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happened. it's been quite a day of news. wolf blitzer i know you'll be all over it and we'll check the blog as always, cnn.com/situationroom. thank you, sir. >> thank you. coming up next back to the breaking news out of libya. we'll show you how the rebels storming the compound, how it went down, next. met an old man at the top asked him if he had a secret and the old man stopped and thought and said: free 'cause that's how it ought to be my brother credit 'cause you'll need a loan for one thing or another score 'cause they break it down to one simple number that you can use dot to take a break because the name is kinda long com in honor of the internet that it's on put it all together at the end of the song it gives you freecreditscore-dot-com, and i'm gone... offer applies with enrollment in freecreditscore.com naomi pryce: i am. i'm in the name your own price division.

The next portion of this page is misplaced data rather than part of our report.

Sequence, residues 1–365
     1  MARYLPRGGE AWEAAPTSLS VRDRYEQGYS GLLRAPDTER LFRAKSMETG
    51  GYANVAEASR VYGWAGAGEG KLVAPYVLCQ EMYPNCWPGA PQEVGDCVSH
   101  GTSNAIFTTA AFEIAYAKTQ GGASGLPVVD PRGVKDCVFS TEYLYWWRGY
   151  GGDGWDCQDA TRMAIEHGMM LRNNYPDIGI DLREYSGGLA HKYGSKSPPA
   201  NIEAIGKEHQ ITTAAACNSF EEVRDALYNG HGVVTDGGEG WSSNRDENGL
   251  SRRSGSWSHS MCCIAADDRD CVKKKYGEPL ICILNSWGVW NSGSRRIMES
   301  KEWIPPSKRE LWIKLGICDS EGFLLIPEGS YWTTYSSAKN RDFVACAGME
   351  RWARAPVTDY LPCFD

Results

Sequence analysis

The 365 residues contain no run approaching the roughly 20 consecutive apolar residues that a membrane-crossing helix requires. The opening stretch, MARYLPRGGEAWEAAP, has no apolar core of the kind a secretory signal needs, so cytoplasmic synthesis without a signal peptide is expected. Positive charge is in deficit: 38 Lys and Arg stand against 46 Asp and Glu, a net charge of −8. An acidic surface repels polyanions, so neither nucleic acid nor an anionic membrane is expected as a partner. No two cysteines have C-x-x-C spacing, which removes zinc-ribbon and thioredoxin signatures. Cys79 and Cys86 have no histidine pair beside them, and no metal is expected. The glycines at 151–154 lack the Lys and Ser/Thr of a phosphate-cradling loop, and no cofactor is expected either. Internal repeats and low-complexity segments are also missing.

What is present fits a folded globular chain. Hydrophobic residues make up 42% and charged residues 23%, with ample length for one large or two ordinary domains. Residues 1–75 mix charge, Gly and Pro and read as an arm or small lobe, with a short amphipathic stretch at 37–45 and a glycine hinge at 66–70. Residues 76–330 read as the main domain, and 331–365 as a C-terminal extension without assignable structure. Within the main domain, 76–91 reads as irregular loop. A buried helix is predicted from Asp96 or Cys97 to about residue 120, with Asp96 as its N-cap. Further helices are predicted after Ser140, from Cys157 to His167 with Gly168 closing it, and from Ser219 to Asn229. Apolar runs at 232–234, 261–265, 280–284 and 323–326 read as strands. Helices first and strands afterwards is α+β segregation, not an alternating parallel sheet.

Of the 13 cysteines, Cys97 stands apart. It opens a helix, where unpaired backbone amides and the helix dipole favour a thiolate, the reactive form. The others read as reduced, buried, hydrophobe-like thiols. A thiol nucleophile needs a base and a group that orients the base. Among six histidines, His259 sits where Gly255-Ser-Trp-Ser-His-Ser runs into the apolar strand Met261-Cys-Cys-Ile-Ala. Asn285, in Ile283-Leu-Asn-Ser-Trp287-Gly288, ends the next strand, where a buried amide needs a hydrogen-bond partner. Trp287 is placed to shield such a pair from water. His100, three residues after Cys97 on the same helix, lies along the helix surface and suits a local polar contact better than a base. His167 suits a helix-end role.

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you know -- stuff. yeah. about that. that big wheel behind us... yeah? he's got a flat-screen, swivel chairs, and a fridge. oh. hey, man! can we come over tonight? it's surprising just how affordable an rv vacation can be. visit gorving.com and get a free video. or see an rv dealer. go affordably. go rving. it is just about 11:00 at night in tripoli and it's almost eerily calm in the night sky, quite a dramatically different scene from a couple hours ago when some of the libyan rebels
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stormed into bab al aziziyah compound. >> reporter: we're walking into the compound of bab al ziziyah. you can see some of the men, they're yelling "god is great." they have not found anybody, any of the gadhafi family members in this compound. they have knocked down buildings. they have set buildings on fire. there have been loud blasts, booms, lots of celebratory gunfire. people just very, very excited about today. >> alalahu akbar.